If indeed the White House looked at events in the Middle East with a different view, a transition to stable societies that value fundamental rights would be much more likely. It's about time we took an honest look into the fact that Iraq, Afghanistan, Egypt, Libya and Tunisia are not good examples for democracies.
Presidents Day rarely falls in the same week as Purim, and it won't again for almost 40 years (in 2051 -- take my word for it). But these two seemingly disparate holidays have much in common.
After the Western intervention in Libya, a number of people argued that it was a success and that it saved Libyan lives, it helped the Libyans oust a dictator, and it did not result in military occupation.
France will shortly be engaged in rebuilding Mali, a country twice the size of Texas. Does the U.S. really want to join in another nation-building exercise, in a Muslim country, on a continent where Americans are not welcome?
The hysterics of neoconservative senators has become a cacophony that's pretty similar to a room full of children. It's a series of tantrums that clearly shows they are losing, badly.
Michaelangelo once said that "the greater danger for most of us lies not in setting our aim too high and falling short; but in setting our aim too low, and achieving our mark." Hillary Clinton has never done that. I have a feeling she's not planning on lowering her sights anytime soon.
Arab youth are more concerned about fair pay, home ownership, and a decent life than democracy, according to a survey that analyzed data from 12 countries.
Everyone ultimately wants the same thing -- a shot at real opportunity, real aspiration, a real job, or alternatively, to be able to create something that changes the world. We have now seen the hopelessness version of this. Let's now give the hope-filled version a try.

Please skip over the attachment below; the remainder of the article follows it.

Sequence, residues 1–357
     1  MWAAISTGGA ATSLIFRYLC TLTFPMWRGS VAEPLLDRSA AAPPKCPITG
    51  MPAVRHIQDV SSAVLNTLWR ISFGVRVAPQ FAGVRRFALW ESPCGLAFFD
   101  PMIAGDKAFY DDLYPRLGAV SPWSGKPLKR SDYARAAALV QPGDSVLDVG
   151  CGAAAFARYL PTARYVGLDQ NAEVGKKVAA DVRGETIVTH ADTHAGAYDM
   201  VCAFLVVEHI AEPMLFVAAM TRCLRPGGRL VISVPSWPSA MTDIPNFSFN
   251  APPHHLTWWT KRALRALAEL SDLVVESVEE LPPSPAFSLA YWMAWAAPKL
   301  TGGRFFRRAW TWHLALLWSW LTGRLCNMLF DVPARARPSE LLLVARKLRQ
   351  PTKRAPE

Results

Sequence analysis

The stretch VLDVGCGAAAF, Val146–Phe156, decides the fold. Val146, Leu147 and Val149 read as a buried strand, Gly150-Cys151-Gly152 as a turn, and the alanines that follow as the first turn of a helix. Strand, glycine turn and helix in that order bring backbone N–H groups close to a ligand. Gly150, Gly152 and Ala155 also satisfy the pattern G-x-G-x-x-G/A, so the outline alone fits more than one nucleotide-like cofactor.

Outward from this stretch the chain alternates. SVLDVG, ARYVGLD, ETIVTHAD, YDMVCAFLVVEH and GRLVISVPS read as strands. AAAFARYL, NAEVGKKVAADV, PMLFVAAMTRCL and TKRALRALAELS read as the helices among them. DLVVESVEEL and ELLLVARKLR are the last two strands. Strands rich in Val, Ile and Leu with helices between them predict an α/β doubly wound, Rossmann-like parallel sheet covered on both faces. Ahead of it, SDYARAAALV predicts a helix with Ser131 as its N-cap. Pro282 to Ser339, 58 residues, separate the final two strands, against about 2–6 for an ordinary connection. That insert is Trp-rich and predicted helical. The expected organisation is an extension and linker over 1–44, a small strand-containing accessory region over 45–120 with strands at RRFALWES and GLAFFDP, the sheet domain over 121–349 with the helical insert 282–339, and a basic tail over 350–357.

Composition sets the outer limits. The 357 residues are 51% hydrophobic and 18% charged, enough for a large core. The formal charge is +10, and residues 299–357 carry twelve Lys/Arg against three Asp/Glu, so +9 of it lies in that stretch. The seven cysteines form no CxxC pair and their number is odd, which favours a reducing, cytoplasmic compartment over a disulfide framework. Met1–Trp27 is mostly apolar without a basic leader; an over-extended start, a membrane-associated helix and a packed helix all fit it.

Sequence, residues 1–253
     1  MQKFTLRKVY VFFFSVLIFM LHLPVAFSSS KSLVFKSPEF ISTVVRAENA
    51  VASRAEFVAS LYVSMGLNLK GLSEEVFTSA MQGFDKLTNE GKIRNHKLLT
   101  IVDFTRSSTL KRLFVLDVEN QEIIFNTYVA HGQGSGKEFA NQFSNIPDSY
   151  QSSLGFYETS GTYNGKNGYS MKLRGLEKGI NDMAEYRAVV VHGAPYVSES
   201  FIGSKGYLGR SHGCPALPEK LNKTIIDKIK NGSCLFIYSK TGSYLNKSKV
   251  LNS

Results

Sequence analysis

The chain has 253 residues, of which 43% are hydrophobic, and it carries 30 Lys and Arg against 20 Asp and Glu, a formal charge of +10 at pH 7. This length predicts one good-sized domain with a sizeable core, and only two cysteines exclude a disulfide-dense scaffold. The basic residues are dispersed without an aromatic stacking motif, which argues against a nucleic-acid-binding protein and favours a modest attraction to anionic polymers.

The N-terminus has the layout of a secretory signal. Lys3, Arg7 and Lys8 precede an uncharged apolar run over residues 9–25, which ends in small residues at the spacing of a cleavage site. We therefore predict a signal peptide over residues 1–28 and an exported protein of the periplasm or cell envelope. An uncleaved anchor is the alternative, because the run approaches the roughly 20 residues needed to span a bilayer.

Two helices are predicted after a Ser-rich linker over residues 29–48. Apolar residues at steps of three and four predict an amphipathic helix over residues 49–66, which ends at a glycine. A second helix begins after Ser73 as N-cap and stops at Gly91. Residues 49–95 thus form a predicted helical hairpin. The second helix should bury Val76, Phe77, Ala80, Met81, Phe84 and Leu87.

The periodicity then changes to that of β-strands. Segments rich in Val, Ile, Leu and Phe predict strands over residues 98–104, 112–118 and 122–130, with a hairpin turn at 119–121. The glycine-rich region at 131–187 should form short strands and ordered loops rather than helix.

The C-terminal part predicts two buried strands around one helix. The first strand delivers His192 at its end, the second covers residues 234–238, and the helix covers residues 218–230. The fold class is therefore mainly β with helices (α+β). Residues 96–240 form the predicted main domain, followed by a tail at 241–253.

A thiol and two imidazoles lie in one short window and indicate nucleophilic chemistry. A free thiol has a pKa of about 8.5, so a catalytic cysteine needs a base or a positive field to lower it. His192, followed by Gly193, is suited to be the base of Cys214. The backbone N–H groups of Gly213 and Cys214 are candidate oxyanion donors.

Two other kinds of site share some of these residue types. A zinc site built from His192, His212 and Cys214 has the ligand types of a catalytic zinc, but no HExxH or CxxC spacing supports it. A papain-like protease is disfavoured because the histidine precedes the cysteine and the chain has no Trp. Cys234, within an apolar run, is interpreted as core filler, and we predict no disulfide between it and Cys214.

To date, only presidents have fallen from power during the Arab Awakening -- no king has fallen from his throne. Arab monarchies are of course not immune to the forces that brought down some of their republican counterparts, so why have they all thus far survived?
As demonstrated with Egypt, change is in continuum and it will be some time before Egyptians get the democracy they strived for in the past two years. Do not allow the people who long for the past to get in the way of the future -- keep moving forward.
Some of us haven't gotten past what's been ingrained in us societally -- that if a man cries, it's an honest show of emotion. If a woman even chokes up, she is a weak little girl who can't be trusted in a position of power.
Celebration of Obama's second inauguration is already being dampened by news of his mulling the commencement of more drone bombing of Mali, destabilized and engulfed in violence, in no small part due to spillover of the violence from U.S.-NATO bombing of Libya
This week Leon Panetta said America has "a responsibility to go after al Qaeda wherever they are." He was referring to U.S. efforts to assist the French in Mali. Yet, not that far away, the U.S. turns a blind eye to extreme Islamist policies and actions that threaten America's security.
by Arch Puddington and Jennifer Dunham *Arch Puddington is vice president for research at Freedom House, and Jennifer Dunham is the research a...
As the world focuses its attention on the conflict in Syria, northern Mali has become the biggest expanse of territory controlled by al Qaeda, which is seeking to establish an autonomous state.
If we consider what has happened in countries such as Mali and Sudan, and what is now happening in the CAR, it appears that radical political change in the failed or failing states of SSA is the new normal.